Monday, 4 January 2010
It was August 28th and warm rain began to fall heavily as we turned from civilization into rural Shropshire. No more white lines down the centre of the road for us! 'Off-roading' along our lane made me realize how inadequate our two cars were in this environment. Was I as inadequate as the cars, had I just made the biggest mistake of my life. I imagined the future; isolated, lonely, saggy, shopless. As we reached the wooden gate the rain stopped and the sun came out. A sign surely?
The removal men wouldn't reach us till the following day so we unpacked blow up beds and essential provisions which included champagne. Leaving intrepid explorer girl and Daddy treking the fields, the four year old and I set off in the car across a prehistoric volcano to the chip shop, a mere seven miles away.
Later husband and I ate our chips standing up in front of an open fire. Champagne and chips are an excellent combination. The children sat on cushions caked with dog hair that they'd pulled from an abandoned sofa. I drank faster. The last inhabitants clearly had allergies; cleaning and gardening!
We all slept together that night. Warm and happy in our new adventure. We slept late too, on account of the darkness of the house wrapped in wisteria.
The next day the sun streamed into the kitchen, the only room in the house naked of foliage. Unfortunately the rose coloured specs I planned to wear that day were nowhere to be seen. In the bright light of the morning the house was revealed. Every cupboard, drawer, ledge, shelf was filled with abandoned objects. They lay under a deep layer of dust and sadness. Nasty furniture lurked in every room. I physically recoiled from toilets and hairy plug holes. The expensive kitchen range was filled with a tar-like substance, possibly deceased dinners. I felt a real dislike for a person I had never even met.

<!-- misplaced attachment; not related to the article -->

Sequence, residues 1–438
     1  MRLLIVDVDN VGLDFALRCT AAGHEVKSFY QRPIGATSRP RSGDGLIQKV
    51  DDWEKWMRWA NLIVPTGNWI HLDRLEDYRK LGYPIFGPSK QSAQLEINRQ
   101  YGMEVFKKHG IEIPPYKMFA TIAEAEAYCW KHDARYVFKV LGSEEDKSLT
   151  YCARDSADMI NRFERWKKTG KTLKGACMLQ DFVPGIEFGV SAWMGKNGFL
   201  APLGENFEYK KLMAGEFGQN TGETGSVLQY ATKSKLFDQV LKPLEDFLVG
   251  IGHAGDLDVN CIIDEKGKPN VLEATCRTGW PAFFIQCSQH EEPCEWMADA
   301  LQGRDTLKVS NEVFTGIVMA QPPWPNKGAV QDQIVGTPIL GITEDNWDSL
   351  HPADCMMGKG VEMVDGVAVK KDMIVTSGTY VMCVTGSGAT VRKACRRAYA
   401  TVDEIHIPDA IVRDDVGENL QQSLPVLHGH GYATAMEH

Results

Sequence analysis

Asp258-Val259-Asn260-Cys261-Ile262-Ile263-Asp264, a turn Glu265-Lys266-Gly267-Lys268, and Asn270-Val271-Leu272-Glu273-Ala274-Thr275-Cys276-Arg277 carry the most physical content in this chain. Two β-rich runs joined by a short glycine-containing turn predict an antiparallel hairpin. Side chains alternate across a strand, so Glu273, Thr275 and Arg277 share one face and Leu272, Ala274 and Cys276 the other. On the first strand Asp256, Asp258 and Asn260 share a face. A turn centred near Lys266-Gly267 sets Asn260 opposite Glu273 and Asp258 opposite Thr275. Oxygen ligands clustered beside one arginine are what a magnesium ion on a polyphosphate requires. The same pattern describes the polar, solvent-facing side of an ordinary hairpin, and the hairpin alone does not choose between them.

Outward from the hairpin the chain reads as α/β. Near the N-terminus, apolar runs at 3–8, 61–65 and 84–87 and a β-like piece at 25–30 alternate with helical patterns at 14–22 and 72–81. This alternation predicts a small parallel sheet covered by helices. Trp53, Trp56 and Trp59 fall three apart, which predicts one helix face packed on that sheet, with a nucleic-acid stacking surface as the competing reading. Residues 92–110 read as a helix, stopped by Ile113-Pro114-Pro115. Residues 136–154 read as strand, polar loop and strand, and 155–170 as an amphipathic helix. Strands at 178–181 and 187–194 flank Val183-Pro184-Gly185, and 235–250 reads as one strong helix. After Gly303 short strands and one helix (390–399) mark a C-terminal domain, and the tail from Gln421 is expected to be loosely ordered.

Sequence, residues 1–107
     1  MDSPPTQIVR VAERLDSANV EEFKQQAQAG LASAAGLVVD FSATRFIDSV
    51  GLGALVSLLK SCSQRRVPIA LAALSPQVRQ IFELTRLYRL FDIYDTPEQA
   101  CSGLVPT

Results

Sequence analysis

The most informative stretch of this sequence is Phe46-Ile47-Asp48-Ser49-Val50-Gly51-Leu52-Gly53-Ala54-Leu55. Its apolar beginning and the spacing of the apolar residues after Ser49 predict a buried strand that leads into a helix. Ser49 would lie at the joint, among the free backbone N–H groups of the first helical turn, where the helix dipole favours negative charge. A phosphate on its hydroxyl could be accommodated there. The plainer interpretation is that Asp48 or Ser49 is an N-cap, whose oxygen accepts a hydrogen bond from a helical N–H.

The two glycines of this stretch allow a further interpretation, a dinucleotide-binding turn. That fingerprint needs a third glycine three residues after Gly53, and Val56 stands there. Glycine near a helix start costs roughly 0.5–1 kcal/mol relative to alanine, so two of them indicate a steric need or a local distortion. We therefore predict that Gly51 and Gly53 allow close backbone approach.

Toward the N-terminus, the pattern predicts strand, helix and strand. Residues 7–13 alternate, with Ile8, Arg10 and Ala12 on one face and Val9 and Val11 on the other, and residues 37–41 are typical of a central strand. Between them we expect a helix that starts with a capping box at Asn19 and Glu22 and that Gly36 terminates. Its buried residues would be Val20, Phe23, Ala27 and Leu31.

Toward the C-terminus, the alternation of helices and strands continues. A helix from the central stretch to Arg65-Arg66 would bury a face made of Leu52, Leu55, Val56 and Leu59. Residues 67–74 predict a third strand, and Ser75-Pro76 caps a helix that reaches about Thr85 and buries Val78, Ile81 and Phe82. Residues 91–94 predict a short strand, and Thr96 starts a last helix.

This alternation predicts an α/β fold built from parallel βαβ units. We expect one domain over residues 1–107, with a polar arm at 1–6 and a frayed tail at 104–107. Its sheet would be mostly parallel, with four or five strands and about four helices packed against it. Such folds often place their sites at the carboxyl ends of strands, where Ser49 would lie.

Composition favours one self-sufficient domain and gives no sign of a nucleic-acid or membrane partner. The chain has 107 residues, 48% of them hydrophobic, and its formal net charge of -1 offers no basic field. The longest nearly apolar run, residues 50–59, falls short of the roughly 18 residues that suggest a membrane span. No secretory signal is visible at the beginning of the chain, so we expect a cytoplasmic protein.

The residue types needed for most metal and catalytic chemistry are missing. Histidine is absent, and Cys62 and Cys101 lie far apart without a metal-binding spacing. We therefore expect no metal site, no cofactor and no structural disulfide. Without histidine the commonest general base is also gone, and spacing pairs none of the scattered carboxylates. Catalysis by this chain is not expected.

It's amazing what bleach, Milton Fluid and heavy duty gardening gloves can acomplish. Husband had almost filled the skip by 10am when the removal van appeared.
We worked hard that day, removing the horrid things left in the house and bringing in our own horrid things. That night exhausted, in front of the fire on our own sofa, we read husband's text from his twenty-something cousins from Hereford.
'See you in the morning, we're coming to help.'